One morning, Jack Mulrooney woke up and, as on many mornings, went to make a cup of coffee. He pushed the switch to turn on the coffee pot — but nothing happened.
“I said, ‘What does it take to get a cup of coffee?’” he recalled, lifting up his hands toward the heavens in mock frustration.
“Then what you really think about is, what does it take? You’ve got to get the water, you’ve got to get the electricity to your house — all that infrastructure and all those things have to work for me to make a cup of coffee in the morning.”
Mulrooney, who is president of the Rockville-based Mid-Atlantic Region Environmental Professionals, said many of the things that enable him to have his morning coffee are out of sight and prone to neglect. He said aging infrastructure is a costly problem in Montgomery County and the United States as a whole. Top utility company professionals met at a conference on aging infrastructure presented by MAREP at the Universities at Shady Grove on Oct. 18.
The Washington Suburban Sanitary Commission, which serves much of Montgomery and Prince George’s counties, replaced 59.5 miles of water mains in fiscal year 2012, surpassing its goal of 41 miles.
About a quarter of the company’s water mains are still more than 50 years old, however, and replacing them is not cheap. It costs an average of $1.4 million to replace one mile of water main. Riggins said the utility anticipates having to raise rates over the next several years to fund the replacement of aging pipes.
Lyn Riggins, a spokeswoman for WSSC, said the company replaces a certain number of miles of old water mains each year, since old infrastructure leads to more breaks.
“You’re going to get into a situation where the old pipes just aren’t getting repaired, and when that happens, they just continue to break,” she said.
Broken water pipes can block roads and shut down water to homes and businesses, but in some cases, they can be dangerous.
In December 2008, rescue workers used boars and a helicopter to pull stranded motorists to safety after a 66-inch water main broke on River Road in Bethesda. The break shut down the road, closed schools and limited water pressure at hospitals.
WSSC repaired almost 2,100 broken and leaking water mains in 2010. Crews set a new record for the number of repairs in a single month in December 2010, fixing 647 breaks and leaks.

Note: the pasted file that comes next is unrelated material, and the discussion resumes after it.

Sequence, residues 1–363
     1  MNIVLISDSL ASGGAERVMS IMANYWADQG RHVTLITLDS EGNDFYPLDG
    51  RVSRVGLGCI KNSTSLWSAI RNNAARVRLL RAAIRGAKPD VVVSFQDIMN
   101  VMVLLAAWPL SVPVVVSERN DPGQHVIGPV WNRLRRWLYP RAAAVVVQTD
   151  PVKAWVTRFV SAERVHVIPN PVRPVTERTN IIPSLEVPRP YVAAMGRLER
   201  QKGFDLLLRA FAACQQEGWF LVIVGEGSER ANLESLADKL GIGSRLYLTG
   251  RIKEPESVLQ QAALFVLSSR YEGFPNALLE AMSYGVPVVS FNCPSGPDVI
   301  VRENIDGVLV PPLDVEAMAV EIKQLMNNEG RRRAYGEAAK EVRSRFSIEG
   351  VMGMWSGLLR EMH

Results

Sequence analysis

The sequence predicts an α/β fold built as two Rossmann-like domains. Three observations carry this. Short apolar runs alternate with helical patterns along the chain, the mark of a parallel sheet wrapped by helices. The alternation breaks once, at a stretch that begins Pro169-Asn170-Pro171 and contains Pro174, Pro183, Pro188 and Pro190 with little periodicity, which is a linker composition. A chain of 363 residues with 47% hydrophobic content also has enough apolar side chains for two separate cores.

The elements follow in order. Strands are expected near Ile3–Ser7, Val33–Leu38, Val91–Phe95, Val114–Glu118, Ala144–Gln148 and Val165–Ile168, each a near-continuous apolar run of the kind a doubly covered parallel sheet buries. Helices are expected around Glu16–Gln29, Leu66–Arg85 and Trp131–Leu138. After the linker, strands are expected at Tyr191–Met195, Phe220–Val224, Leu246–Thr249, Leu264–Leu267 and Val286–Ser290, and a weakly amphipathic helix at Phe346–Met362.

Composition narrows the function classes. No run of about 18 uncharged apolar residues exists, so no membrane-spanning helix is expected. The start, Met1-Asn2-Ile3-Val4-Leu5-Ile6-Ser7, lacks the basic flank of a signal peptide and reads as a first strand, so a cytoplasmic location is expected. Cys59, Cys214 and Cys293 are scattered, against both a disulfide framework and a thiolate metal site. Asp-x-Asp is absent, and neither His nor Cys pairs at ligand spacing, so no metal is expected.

Mulrooney said the American Society of Civil Engineers recently gave the nation an overall grade of D on the condition of its infrastructure.
“Over five years, we’ll need to spend upward of $2.2 trillion to get it up to acceptable standards,” Mulrooney said.
WSSC Spokesman I.J. Hudson said the utility uses an acoustic fiber optic monitoring system and pipe inspections to help detect weaknesses in pipes before they fail, but old infrastructure still causes problems.
“We come to wintertime, and then we get a lot of breaks in some areas,” Hudson said.
Art Shapiro, division chief of Baltimore’s Department of Public Works, said most officials know they should be proactive about maintaining and repairing utilities infrastructure, but they do not always make it a priority when the time comes to cut the check.
“If road rehabilitation or pipe rehabilitation projects are put to the back burner because they are not ‘sexy’ compared to doing a development project, near-term satisfaction can give way to long-term remorse,” he said.
Shapiro, speaking at the infrastructure conference, said water pipes might have a lifetime of 60 to 70 years under perfect conditions although some have been in use for longer.
Cold weather, traffic and earthquakes all put added strain on old pipes that were not made to bend with their surroundings.
Shapiro said that much of America’s infrastructure, especially in urban areas, was built during three different eras using pipes with three different life expectancies.
“What’s happened is that statistically, we are in a perfect storm now,” he said. “Those three eras of infrastructure materials ... are now reaching a useful life profile that is coinciding with each other, and that’s putting a tremendous strain on the horizon in terms of how the utilities around the country are going to be able to respond.”